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14 Results

Trade and Market Power in Product and Labor Markets

Staff Working Paper 2021-17 Gaelan MacKenzie
Trade liberalizations increase the sales and input purchases of productive firms relative to their less productive domestic competitors. This reallocation affects firms’ market power in their product and input markets. I quantify how the labour market power of employers affects the distribution and size of the gains from trade.

Explaining the Interplay Between Merchant Acceptance and Consumer Adoption in Two-Sided Markets for Payment Methods

Staff Working Paper 2019-32 Kim Huynh, Gradon Nicholls, Oleksandr Shcherbakov
Recent consumer and merchant surveys show a decrease in the use of cash at the point of sale. Increasingly, consumers and merchants have access to a growing array of payment innovations as substitutes for cash.

Inference in Games Without Nash Equilibrium: An Application to Restaurants’ Competition in Opening Hours

Staff Working Paper 2018-60 Erhao Xie
This paper relaxes the Bayesian Nash equilibrium (BNE) assumption commonly imposed in empirical discrete choice games with incomplete information. Instead of assuming that players have unbiased/correct expectations, my model treats a player’s belief about the behavior of other players as an unrestricted unknown function. I study the joint identification of belief and payoff functions.

Information Sharing and Bargaining in Buyer-Seller Networks

Staff Working Paper 2016-63 Sofia Priazhkina, Frank H. Page
This paper presents a model of strategic buyer-seller networks with information exchange between sellers. Prior to engaging in bargaining with buyers, sellers can share access to buyers for a negotiated transfer. We study how this information exchange affects overall market prices, volumes and welfare, given different initial market conditions and information sharing rules.

Bank Screening Heterogeneity

Staff Working Paper 2016-56 Thibaut Duprey
Production efficiency and financial stability do not necessarily go hand in hand. With heterogeneity in banks’ abilities to screen borrowers, the market for loans becomes segmented and a self-competition mechanism arises. When heterogeneity increases, the intensive and extensive margins have opposite effects.
November 14, 2013

Fragmentation in Canadian Equity Markets

Changes in technology and regulation have resulted in an increasing number of trading venues in equity markets in Canada. New trading platforms have intensified price competition and have encouraged innovation, and they do not appear to have segmented trade. But the increasingly complex market structure has necessitated investments in expensive technology and has introduced new operational risks. Regulatory responses should be carefully adapted to retain the competition and innovation associated with this market fragmentation.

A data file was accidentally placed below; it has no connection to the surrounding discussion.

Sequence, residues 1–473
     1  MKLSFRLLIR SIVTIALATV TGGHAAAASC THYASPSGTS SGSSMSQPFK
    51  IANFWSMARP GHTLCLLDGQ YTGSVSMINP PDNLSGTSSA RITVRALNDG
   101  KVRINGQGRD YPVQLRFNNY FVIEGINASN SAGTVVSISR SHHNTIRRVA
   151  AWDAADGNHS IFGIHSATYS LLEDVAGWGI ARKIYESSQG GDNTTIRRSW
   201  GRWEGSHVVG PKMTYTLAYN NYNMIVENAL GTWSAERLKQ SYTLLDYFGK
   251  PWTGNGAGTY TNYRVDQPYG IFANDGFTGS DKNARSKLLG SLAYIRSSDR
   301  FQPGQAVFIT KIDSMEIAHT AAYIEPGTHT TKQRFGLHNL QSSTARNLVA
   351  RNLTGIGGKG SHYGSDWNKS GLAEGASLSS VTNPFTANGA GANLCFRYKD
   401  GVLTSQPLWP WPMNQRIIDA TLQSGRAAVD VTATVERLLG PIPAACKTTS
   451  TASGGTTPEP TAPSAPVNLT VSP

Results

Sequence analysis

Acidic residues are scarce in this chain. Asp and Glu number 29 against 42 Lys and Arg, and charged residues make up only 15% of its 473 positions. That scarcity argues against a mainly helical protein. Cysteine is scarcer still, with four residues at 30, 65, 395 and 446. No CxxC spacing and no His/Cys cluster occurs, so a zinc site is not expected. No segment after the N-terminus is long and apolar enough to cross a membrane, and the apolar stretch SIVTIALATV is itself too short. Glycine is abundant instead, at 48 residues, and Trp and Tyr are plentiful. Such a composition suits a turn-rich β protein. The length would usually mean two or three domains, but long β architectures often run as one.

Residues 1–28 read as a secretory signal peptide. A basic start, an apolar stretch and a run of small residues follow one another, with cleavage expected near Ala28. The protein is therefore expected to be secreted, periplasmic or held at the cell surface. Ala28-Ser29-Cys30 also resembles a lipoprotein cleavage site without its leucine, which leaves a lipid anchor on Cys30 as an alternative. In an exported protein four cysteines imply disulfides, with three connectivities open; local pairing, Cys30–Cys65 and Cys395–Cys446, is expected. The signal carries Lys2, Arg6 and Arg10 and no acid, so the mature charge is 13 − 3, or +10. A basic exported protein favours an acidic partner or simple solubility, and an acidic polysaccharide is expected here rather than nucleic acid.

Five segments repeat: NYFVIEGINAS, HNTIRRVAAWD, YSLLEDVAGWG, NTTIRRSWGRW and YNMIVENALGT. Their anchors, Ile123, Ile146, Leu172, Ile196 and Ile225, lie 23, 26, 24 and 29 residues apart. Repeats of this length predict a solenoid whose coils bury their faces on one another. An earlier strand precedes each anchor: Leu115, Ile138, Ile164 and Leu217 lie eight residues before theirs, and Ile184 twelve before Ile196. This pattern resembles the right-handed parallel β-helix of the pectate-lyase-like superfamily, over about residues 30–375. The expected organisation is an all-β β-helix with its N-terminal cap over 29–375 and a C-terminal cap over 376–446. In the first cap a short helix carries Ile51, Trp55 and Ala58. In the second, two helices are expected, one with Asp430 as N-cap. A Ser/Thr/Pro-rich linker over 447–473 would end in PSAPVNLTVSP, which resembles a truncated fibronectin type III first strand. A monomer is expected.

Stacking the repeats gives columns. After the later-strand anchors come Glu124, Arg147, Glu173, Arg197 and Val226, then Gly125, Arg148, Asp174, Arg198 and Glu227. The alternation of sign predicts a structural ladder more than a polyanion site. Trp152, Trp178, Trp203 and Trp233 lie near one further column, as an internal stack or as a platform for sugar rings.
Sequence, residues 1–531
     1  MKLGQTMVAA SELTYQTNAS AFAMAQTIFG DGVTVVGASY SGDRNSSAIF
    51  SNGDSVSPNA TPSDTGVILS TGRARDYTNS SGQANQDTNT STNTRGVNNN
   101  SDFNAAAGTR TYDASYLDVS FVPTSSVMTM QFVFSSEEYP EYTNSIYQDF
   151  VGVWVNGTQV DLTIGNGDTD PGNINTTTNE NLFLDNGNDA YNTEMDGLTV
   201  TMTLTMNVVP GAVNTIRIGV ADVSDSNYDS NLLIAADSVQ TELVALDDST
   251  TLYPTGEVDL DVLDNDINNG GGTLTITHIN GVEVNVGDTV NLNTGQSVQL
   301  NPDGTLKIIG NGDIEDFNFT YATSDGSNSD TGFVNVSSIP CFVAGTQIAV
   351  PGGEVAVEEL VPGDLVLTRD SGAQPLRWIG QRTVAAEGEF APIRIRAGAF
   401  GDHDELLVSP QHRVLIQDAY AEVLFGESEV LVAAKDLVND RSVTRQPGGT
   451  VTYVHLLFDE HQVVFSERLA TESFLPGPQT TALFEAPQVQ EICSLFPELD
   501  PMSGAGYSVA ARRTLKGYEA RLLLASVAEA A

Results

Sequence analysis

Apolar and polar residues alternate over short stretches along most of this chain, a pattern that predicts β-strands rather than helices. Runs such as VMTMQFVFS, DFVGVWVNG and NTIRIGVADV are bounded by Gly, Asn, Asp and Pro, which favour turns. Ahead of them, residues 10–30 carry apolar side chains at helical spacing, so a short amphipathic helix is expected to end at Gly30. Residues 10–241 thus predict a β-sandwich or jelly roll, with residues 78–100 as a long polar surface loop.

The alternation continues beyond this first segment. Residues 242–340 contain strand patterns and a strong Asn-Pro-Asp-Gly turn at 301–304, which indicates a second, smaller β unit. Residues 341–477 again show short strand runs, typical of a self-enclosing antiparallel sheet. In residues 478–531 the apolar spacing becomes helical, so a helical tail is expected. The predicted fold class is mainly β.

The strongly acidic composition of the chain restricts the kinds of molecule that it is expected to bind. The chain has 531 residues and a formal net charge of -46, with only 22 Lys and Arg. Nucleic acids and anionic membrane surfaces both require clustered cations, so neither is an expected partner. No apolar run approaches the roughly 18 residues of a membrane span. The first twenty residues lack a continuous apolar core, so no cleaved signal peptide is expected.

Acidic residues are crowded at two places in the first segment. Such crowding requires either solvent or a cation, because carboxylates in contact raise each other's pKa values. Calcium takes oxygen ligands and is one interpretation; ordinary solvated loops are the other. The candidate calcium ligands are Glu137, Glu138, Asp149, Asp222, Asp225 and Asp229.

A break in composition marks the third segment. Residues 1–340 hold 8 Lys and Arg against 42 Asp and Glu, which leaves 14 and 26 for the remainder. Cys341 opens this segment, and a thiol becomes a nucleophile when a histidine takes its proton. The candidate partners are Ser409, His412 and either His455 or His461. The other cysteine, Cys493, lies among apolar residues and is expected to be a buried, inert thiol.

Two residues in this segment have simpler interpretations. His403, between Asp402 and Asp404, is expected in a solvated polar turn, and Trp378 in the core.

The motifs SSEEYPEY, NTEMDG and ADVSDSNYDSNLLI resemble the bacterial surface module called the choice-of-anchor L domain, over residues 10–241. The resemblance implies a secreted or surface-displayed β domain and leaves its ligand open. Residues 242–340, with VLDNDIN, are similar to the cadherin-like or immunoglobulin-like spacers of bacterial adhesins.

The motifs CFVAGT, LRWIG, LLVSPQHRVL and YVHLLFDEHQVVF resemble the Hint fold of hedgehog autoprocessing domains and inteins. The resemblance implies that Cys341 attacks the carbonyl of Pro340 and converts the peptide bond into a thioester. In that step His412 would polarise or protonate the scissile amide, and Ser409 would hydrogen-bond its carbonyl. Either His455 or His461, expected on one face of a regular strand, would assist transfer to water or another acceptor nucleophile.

November 15, 2012

Access, Competition and Risk in Centrally Cleared Markets

Central counterparties can make over-the-counter markets more resilient and reduce systemic risk by mitigating and managing counterparty credit risk. These benefits are maximized when access to central counterparties is available to a wide range of market participants. In an over-the-counter market, there is an important trade-off between risk and competition. A model of an over-the-counter market shows how risk and competition could be influenced by the incentives of market participants as they move to central clearing. In a centrally cleared market, there may be less risk when participation is high. This helps to explain why regulators have put in place requirements for fair, open and risk-based access criteria.

Building New Plants or Entering by Acquisition? Estimation of an Entry Model for the U.S. Cement Industry

Staff Working Paper 2011-1 Héctor Pérez Saiz
In many industries, firms usually have two choices when expanding into new markets: They can either build a new plant (greenfield entry) or they can acquire an existing incumbent. In the U.S. cement industry, the comparative advantage (e.g., TFP or size) of entrants versus incumbents and regulatory entry barriers are important factors that determine the means of expansion.

Cross-border Mergers and Hollowing-out

Staff Working Paper 2009-30 Oana Secrieru, Marianne Vigneault
The purpose of our paper is to examine the profitability and social desirability of both domestic and foreign mergers in a location-quantity competition model, where we allow for the possibility of hollowing-out of the target firm. We refer to hollowing-out as the situation where the target firm is shut down following a merger with a domestic or foreign acquirer.